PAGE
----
Three experiments investigated listeners’ ability to use speech rhythm to attend selectively to a single target talker presented in multi-talker babble (Experiments 1 and 2) and in speech-shaped noise (Experiment 3). Participants listened to spoken sentences of the form “Ready [Call sign] go to [Color] [Number] now” and reported the Color and Number spoken by a target talker (cued by the Call sign “Baron”). Experiment 1 altered the natural rhythm of the target talker and background talkers for two-talker and six-talker backgrounds. Experiment 2 considered parametric rhythm alterations over a wider range, altering the rhythm of either the target or the background talkers. Experiments 1 and 2 revealed that altering the rhythm of the target talker, while keeping the rhythm of the background intact, reduced listeners’ ability to report the Color and Number spoken by the target talker. Conversely, altering the rhythm of the background talkers, while keeping the target rhythm intact, improved listeners ability to report the Color and Number spoken by the target talker. Experiment 3, which embedded the target talker in speech-shaped noise rather than multi-talker babble, similarly reduced recognition of the target sentence with increased alteration of the target rhythm. This pattern of results favors a dynamic-attending theory-based selective-entrainment hypothesis over a disparity-based segregation hypothesis and an increased salience hypothesis.
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The 0 and -2 dB SNRs for the two- and six-talker backgrounds were selected to equate the performance in recognizing both Color and Number at a level that was approximately 50% correct for the unaltered rhythm conditions. This performance level agreed well with the psychometric properties of the CRM-sentence recognition in noise reported in previous studies. Eddins and Liu (2012) measured the recognition of Color and Number in CRM sentences in two- and four-talker babble noises. In the two- and four-talker background conditions, the SNRs required to reach 50% correct for Color and Number recognition were -1.3 dB and -5.4 dB, respectively. Similar to the current study, a lower SNR was needed to equate the task performance for the greater number of background talkers. This also generally agrees with various other studies that measured open-set speech recognition in multi-talker backgrounds. For example, Rosen et al. (2013) measured sentence recognition in multi-talker babble for fixed SNRs of –6 and –2 dB, as the number of background talkers increased from 2 to 16; here, recognition performance gradually improved about 2% for every doubling of the number of background talkers. Freyman et al. (2004) showed that the SNR required to reach a sentence-recognition performance of 50% decreased from approximately -0.5 dB for two-talker backgrounds to approximately -3 dB for six-talker backgrounds.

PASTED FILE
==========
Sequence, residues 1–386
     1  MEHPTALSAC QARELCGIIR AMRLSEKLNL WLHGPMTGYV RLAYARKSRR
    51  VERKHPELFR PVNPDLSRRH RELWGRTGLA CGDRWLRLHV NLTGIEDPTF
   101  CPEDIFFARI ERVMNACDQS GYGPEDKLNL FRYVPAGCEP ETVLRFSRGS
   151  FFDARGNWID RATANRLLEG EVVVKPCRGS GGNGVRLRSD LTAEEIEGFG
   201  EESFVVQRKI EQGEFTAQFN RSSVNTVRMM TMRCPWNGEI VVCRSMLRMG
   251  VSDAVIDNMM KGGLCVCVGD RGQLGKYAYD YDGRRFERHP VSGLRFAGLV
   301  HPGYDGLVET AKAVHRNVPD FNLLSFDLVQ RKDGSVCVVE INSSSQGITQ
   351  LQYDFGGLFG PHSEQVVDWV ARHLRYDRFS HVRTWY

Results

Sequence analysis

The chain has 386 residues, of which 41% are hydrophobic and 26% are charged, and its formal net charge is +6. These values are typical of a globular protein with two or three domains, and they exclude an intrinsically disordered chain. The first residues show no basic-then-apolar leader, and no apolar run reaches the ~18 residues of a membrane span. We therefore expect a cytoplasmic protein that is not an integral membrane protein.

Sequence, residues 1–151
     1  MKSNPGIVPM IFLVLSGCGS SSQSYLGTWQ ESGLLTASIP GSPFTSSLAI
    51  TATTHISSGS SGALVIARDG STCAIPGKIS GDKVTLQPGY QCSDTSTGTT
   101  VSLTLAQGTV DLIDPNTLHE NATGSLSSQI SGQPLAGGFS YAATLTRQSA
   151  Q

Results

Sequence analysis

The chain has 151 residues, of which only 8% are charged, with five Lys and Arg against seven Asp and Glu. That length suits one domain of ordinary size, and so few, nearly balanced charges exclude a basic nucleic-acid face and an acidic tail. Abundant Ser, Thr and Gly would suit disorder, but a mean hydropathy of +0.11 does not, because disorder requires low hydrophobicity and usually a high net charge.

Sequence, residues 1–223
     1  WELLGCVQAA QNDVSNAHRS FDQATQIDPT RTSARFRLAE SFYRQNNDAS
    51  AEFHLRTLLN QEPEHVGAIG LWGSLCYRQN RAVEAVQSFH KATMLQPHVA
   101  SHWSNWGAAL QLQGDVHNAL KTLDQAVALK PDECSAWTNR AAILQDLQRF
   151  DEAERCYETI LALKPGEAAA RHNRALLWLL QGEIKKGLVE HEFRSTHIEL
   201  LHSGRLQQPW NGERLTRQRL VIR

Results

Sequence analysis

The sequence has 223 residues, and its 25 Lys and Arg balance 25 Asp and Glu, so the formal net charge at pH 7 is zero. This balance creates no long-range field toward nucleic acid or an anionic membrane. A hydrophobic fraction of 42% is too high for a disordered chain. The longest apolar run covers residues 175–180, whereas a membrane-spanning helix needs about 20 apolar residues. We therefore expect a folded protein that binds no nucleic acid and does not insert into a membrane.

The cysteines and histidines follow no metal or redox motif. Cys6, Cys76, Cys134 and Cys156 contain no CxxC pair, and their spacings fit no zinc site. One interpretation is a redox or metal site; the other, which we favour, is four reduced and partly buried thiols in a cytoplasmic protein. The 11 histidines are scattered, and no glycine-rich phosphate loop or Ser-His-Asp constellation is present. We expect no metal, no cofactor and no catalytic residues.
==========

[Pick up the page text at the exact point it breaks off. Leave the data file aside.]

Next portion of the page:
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The authors thank Audrey Drotos, Anusha Mamidipaka, and Paul Clancy for their assistance with data collection and their insights and many helpful comments over the course of the project, Dylan V. Pearson at Indiana University for assisting with stimulus generation, and members of the Timing, Attention and Perception Lab at Michigan State University for their helpful suggestions and comments at various stages of this project. NIH Grant R01DC013538 (PIs: Gary R. Kidd and J. Devin McAuley) supported this research.
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McAuley, J.D., Shen, Y., Dec, S. et al. Altering the rhythm of target and background talkers differentially affects speech understanding. Atten Percept Psychophys (2020). https://doi.org/10.3758/s13414-020-02064-5
- Speech perception
- Attention: Selective
- Temporal Processing